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Ultra-high resolution structural and molecular imaging of cells and tissues

Friday November 18, 2022
3:30 pm


 Presenter:  Fang Huang, Purdue University
 Series:  Physics and Astronomy Colloquium
 Abstract:  We are in an exciting era of biomedical imaging where the inner-workings of cells and tissues can be explored by rapidly developing imaging methods. Labeling specificity and live cell compatibility make fluorescence microscopy an important tool in biomedical research. Its resolution, however, is limited by diffraction to ~250 nm, preventing us from resolving detailed structures within the cell. The recent advent of single molecule switching nanoscopy methods (SMSN, also known as PALM/STORM), overcomes this fundamental limit by stochastically switching single fluorophores on and off so that their emission events can be localized with high precision resulting in a reconstructed image with down to ~25 nm lateral resolution. However, its application has been largely limited to fixed and flat samples due to the poor temporal resolution, inferior resolution in z, and rapidly deteriorating resolution in thick samples.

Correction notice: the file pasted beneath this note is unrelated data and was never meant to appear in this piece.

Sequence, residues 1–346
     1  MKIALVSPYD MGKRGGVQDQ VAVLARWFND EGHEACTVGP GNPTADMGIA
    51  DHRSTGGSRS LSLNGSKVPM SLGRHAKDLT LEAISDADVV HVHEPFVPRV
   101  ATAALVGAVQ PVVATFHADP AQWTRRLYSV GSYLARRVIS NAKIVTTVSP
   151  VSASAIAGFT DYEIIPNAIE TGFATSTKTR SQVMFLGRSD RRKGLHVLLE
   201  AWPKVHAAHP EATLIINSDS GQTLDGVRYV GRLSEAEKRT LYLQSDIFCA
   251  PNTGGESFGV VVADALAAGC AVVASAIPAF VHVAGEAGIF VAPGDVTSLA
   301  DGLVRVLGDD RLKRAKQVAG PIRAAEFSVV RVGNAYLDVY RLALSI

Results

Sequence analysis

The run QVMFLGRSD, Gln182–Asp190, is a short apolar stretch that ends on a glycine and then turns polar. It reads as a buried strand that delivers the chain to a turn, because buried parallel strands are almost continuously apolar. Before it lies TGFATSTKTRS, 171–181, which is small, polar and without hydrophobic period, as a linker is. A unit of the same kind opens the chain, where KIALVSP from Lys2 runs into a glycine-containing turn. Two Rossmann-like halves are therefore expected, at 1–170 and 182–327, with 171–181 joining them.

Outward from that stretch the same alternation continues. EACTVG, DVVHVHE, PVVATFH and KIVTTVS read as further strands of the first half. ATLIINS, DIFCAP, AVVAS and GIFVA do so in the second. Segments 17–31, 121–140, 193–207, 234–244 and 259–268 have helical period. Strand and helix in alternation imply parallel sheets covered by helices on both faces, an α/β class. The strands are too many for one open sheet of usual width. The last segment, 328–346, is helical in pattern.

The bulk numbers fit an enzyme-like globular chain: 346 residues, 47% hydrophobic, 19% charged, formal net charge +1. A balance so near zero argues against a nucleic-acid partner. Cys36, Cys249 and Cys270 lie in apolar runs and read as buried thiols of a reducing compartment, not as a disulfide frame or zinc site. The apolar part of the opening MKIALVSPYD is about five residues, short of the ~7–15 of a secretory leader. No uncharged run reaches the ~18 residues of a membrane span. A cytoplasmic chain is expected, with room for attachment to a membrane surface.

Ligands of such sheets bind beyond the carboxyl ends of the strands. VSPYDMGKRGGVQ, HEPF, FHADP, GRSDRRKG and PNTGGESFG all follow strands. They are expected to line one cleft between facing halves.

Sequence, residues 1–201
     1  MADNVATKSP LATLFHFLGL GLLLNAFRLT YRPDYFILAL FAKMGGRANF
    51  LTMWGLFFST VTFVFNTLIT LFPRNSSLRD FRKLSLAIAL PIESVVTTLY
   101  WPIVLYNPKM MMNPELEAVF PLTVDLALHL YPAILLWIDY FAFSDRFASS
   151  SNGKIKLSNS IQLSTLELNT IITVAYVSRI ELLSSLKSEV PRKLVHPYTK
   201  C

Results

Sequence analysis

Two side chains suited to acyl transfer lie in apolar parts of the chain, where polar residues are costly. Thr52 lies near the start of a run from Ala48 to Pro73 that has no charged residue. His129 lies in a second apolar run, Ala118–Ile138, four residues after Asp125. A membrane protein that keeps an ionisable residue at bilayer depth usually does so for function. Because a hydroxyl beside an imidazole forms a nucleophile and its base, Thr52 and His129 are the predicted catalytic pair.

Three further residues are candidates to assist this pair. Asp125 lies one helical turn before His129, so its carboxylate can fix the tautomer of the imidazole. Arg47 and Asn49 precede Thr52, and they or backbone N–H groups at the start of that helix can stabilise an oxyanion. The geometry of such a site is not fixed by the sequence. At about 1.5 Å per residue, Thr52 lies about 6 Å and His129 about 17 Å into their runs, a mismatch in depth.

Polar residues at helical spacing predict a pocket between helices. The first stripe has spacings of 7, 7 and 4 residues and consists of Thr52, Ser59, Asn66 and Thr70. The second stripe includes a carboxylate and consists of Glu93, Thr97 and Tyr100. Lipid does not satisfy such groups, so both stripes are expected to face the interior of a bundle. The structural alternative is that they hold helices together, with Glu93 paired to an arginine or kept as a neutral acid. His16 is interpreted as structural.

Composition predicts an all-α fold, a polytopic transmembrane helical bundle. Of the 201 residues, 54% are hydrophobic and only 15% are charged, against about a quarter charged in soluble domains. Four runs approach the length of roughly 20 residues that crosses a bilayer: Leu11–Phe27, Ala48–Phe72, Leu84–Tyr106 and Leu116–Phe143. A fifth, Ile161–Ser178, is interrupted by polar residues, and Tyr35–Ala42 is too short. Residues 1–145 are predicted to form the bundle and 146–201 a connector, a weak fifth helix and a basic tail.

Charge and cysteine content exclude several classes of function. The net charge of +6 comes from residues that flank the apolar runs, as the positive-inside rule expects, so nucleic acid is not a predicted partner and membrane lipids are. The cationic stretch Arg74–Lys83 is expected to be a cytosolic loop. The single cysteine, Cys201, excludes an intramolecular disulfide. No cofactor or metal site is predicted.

In this talk, I will present some of our most recent developments which synergistically combine newly available sensors/devices such as sCMOS cameras and deformable mirrors, analytical methods such as deep learning and novel instrumentation to allow SMSN imaging in live cells and tissue specimens. I will show the capabilities of these new imaging systems in revealing the fine details of subcellular structures from a diverse set of biological systems including viruses, bacteria, yeasts, mammalian cells and brain sections.
 Host:  Keith Lidke
 Location:  PAIS-1100, PAIS

Disability Notice If you need an auxiliary aid or service to attend any Department of Physics and Astronomy event, please contact the department (phone: 505 277-2616; email: physics@unm.edu) as far in advance as possible to ensure you are accommodated.